The bridge features a 5.8-feet wide deck that carries the Multnomah Falls Trail over the 69-foot lower falls in route to a view point at the top of the 542-foot tall main falls. The trail also connects to other popular hiking trails in the Columbia River Gorge area.
The Benson Bridge was built as a supplemental part of the Historic Columbia River Highway project and designed by bridge designer Karl P. Billner under the guidance of Oregon State Bridge Engineer Charles H. Purcell and Assistant Highway Engineer Samuel Lancaster. The overall design lines and the architectural detailing is very similar to the nearby Shepperds Dell Bridge which was also designed by Billner and is located just a few miles west of Multnomah Falls.
Dimensions
Length of largest span: 45.0 ft.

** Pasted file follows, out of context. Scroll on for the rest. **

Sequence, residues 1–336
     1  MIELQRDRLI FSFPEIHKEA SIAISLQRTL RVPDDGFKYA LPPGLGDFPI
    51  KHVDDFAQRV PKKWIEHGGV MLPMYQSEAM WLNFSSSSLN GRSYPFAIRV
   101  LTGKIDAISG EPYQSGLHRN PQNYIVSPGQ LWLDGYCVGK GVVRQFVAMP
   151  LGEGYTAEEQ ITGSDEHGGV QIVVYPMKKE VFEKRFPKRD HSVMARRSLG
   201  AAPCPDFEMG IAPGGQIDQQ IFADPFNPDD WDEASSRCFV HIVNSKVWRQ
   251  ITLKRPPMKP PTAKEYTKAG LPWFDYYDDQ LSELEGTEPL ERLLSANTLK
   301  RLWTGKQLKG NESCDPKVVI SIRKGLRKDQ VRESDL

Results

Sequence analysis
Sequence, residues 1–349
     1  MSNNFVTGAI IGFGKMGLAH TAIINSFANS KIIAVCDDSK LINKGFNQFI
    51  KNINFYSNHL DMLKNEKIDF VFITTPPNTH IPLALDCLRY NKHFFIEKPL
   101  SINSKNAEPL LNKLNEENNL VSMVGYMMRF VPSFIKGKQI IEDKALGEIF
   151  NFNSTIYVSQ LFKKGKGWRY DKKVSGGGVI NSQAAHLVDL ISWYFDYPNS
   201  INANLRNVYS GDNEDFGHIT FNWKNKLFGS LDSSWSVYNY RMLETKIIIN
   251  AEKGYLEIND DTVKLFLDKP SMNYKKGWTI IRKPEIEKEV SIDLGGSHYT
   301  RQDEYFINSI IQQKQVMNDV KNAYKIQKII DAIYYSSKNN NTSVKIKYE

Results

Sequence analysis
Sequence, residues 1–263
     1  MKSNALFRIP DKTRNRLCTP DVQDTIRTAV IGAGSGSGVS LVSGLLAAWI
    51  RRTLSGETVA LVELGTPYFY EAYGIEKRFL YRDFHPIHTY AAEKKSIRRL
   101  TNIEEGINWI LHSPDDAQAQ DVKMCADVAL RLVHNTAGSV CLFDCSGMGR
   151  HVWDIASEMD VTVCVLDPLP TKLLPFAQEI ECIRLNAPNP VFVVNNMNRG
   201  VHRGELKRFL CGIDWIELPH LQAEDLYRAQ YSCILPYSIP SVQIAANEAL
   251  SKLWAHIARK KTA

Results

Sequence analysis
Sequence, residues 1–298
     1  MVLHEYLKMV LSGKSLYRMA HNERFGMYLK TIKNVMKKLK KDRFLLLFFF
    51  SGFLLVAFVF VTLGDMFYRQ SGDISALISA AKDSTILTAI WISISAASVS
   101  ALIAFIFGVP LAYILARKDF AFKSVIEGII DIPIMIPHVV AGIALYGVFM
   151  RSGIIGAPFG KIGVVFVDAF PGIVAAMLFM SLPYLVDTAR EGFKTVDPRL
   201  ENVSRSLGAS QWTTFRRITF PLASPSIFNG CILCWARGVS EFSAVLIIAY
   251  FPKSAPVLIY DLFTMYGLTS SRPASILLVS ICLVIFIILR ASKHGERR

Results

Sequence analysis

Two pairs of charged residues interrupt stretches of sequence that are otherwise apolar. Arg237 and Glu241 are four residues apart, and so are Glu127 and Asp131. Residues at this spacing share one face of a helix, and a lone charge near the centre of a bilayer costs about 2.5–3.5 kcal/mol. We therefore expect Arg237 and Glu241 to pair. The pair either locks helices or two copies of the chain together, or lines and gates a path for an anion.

Total length: 52.0 ft.
Deck width: 5.8 ft.
Recognition
Posted to the National Register of Historic Places on April 22, 1981
Also called
Multnomah Falls Bridge
Benson Footbridge
Approximate latitude, longitude
+45.57724, -122.11635   (decimal degrees)
45°34'38" N, 122°06'59" W   (degrees°minutes'seconds")
Approximate UTM coordinates
10/568942/5047457 (zone/easting/northing)
USGS topographic map
Multnomah Falls
Inventory numbers
NRHP 81000512 (National Register of Historic Places reference number)
BH 48289 (Bridgehunter.com ID)

Update Log 

  • March 31, 2011: New photos from Michael Goff
  • February 28, 2011: Updated by Michael Goff: Added design description
  • February 28, 2011: New photo from Chris Patriarca
  • February 28, 2011: New Street View added by Jason Smith
  • February 27, 2011: Added by Chris Patriarca

Sources 

Comments 

Benson Bridge
Posted January 10, 2014, by K. A. Erickson

A friend posted about this online and I see Mike Goff's comment below.

Here's another media article/coverage link.

http://www.kgw.com/home/Large-rock-falls-on-iconic-bridge-at-Multnomah-Falls-239483641.html

Benson Bridge
Posted January 9, 2014, by Mike Goff (michael [dot] goff [at] hotmail [dot] com)